We are, of course, headlong into a new election season where the upcoming choices, especially at the presidential level, are accurately described as not only the “most important election of our lifetime,” but also a potential referendum on whether the United States will continue to be recognizable as a purported “democracy” (or “Republican Form of Government”) at all.  Perhaps it is hyperbolic to compare our situation to Weimar Germany in 1933, but it is surely the case that Donald Trump has become the avatar of a basically authoritarian, even fascistic, political party whose members brook no challenges to their exercises of power. 

            So Hasen’s latest book is his latest exercise of warning the American public about the deficiencies of our electoral system and calling on us to engage in reform before it is indeed too late.  He might well be analogized to a modern-day Paul Revere.  We must worry that what we think of as our democratic system is under systematic threat, and we must mobilize to save it.  For these warnings Hasen deserves our repeated gratitude and highest esteem.  He is a good citizen in the highest sense of that term.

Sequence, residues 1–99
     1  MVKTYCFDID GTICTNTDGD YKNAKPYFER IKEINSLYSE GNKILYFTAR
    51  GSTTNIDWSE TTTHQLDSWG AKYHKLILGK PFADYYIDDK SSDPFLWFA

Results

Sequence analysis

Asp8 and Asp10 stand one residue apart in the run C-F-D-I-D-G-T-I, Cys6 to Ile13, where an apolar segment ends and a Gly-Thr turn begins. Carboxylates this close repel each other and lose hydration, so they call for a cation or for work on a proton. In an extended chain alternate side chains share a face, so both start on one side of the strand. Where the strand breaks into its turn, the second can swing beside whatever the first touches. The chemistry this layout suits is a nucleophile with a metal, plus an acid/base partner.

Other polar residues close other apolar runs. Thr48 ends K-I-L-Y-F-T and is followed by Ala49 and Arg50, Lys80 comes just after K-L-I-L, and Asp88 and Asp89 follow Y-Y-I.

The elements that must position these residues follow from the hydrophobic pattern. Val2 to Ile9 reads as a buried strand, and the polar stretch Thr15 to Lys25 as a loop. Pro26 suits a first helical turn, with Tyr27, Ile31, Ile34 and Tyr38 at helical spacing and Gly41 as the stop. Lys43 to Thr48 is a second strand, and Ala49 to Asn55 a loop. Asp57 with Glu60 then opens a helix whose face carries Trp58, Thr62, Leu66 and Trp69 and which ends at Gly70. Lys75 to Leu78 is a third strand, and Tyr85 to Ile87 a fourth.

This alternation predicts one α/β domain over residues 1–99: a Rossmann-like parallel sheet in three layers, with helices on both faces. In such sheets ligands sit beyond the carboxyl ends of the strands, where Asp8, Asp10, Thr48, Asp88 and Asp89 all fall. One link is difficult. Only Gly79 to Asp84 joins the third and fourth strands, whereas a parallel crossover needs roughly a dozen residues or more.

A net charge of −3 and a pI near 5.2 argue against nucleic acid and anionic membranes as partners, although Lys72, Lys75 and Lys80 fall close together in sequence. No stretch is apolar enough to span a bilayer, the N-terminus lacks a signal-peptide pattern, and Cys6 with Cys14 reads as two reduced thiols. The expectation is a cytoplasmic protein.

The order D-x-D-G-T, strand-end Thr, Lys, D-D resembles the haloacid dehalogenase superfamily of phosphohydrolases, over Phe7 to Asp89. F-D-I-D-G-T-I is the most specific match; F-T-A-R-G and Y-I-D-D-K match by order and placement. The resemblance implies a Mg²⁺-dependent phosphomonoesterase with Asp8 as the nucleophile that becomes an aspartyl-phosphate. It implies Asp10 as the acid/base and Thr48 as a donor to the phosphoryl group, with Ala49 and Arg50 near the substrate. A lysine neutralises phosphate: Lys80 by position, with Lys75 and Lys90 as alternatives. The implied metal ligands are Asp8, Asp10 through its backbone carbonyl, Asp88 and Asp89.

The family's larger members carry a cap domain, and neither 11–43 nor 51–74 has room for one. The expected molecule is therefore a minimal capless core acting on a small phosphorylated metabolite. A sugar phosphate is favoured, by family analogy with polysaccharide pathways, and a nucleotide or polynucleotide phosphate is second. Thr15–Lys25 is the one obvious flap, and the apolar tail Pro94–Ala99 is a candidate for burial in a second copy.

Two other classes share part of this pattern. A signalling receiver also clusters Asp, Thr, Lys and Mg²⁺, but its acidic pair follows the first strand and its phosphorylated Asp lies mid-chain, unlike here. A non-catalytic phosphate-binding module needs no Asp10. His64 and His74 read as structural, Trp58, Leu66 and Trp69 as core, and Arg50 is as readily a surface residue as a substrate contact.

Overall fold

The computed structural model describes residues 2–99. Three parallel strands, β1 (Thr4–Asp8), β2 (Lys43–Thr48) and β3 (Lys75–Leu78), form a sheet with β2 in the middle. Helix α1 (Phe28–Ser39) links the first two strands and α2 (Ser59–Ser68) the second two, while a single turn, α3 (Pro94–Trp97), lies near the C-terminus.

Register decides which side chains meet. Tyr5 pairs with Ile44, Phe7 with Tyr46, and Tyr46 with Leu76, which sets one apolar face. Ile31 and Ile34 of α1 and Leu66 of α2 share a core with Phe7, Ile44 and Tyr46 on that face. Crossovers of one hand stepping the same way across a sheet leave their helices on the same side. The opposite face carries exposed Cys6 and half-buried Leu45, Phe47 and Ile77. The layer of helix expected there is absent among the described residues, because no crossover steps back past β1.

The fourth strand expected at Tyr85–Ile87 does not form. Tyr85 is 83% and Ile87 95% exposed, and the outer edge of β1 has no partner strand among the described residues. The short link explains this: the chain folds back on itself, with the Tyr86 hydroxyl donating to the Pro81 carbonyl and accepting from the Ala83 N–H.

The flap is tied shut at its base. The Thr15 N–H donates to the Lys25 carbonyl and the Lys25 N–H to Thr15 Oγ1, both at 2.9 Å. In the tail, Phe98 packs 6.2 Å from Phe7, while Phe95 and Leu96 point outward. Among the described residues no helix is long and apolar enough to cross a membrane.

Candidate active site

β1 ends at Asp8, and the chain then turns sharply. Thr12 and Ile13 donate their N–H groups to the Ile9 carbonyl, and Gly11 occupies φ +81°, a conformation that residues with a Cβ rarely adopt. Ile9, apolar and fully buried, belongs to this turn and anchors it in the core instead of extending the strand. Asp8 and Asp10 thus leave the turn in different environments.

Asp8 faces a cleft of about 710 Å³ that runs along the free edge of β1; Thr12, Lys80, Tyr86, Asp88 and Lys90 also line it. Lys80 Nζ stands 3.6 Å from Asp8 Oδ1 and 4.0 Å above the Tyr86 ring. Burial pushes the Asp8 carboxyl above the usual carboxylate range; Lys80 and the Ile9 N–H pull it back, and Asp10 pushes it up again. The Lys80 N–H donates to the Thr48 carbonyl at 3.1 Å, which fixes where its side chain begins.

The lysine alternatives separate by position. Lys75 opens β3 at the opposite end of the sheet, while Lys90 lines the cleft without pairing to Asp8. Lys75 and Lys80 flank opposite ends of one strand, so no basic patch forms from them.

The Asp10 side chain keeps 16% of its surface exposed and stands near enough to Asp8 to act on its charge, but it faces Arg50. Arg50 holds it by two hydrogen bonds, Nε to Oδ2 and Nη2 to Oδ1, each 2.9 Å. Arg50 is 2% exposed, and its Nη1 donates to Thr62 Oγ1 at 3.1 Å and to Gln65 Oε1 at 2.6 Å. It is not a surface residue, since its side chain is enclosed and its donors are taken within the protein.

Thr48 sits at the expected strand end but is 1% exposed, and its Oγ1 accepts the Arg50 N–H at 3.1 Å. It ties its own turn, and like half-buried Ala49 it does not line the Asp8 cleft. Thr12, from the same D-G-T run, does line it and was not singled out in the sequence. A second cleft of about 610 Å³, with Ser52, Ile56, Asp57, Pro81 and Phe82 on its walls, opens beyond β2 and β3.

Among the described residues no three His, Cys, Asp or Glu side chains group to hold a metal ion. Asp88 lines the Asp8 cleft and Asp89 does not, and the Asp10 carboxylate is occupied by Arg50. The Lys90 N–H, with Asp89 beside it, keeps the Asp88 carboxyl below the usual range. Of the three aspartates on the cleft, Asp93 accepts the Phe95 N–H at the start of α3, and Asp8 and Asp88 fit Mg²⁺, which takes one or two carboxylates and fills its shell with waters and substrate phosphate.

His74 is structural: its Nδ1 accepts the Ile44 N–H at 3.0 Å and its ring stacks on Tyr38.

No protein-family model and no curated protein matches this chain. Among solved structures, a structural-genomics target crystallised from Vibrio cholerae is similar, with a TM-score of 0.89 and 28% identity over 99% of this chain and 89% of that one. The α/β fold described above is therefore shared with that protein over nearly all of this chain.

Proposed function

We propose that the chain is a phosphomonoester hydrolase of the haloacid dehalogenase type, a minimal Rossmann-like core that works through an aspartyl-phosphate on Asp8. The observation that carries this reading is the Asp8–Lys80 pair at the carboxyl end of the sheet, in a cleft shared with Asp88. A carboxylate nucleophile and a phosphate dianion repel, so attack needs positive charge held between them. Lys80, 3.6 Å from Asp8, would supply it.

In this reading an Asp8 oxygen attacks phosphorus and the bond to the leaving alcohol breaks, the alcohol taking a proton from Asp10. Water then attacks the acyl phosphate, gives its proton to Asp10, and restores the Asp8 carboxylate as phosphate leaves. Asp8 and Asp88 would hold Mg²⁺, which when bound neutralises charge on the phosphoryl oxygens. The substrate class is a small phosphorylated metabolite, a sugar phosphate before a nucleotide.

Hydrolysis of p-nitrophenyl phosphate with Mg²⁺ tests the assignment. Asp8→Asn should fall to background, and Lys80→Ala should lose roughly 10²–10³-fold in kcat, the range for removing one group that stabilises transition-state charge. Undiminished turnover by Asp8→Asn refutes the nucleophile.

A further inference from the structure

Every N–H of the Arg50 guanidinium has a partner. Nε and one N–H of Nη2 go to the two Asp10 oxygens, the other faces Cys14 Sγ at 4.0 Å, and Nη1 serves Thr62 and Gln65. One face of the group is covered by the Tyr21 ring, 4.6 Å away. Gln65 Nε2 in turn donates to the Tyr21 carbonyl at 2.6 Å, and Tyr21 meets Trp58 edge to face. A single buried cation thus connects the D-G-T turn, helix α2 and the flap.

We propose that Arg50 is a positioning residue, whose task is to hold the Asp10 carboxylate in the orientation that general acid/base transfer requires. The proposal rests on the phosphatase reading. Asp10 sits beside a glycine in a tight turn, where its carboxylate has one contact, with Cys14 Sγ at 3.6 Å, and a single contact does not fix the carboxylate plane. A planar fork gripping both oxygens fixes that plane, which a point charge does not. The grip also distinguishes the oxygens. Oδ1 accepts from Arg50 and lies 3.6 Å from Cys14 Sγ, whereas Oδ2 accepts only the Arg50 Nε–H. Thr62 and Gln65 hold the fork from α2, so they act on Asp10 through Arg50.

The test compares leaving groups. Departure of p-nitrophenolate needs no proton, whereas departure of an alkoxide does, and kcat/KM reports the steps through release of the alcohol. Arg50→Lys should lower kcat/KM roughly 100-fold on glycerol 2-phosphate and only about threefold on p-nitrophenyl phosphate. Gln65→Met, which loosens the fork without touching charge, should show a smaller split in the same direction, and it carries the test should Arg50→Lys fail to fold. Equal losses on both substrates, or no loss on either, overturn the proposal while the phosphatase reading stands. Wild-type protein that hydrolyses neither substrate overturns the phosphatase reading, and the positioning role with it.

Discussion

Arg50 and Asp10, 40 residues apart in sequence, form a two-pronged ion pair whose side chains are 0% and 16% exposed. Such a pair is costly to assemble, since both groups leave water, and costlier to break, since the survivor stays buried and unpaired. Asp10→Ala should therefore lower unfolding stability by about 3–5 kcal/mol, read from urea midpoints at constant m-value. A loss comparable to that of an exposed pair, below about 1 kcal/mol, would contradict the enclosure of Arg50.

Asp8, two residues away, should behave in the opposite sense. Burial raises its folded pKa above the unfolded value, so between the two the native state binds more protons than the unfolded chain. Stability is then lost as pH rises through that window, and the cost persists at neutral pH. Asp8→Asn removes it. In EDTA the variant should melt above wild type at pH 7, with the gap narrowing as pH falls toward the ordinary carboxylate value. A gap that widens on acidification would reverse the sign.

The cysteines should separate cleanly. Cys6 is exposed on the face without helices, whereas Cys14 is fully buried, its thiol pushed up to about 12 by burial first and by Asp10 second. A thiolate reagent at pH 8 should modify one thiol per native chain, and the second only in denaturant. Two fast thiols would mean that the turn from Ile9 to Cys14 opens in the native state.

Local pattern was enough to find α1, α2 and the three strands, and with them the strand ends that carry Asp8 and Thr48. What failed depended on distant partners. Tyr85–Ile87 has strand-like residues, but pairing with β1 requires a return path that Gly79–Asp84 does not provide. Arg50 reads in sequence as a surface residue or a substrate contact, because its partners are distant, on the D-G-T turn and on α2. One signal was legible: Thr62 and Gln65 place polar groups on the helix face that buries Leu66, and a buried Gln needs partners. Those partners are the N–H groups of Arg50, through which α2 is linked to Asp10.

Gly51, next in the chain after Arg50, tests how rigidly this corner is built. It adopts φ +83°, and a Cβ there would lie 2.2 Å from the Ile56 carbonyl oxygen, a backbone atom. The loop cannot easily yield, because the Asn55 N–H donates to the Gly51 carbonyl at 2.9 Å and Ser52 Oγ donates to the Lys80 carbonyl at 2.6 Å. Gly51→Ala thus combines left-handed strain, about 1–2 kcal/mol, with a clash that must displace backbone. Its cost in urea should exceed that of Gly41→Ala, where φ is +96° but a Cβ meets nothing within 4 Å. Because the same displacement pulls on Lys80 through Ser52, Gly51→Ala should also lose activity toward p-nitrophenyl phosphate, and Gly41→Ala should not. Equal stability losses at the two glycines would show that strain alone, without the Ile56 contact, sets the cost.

But what if Revere, upon warning the good folk of Concord and Lexington about the imminent arrival of the hated Redcoats, went on to say (something like), “There’s really not much you can do to stop them, and even that will probably take years of organization.  But you really should start now in the hope that we might be able to get rid of British rule, if we’re lucky, by, say, 1825, which is only fifty years from now”?  We might still commend Revere for his courageous ride and agree with him, as we are often told, that a journey of a thousand miles must begin with a first step.  Yet, on the other hand, we might think that there is a certain disconnect between the urgency of his warning—“The British are coming, the British are coming!”—and his actual advice as to what can be done to forestall the menace.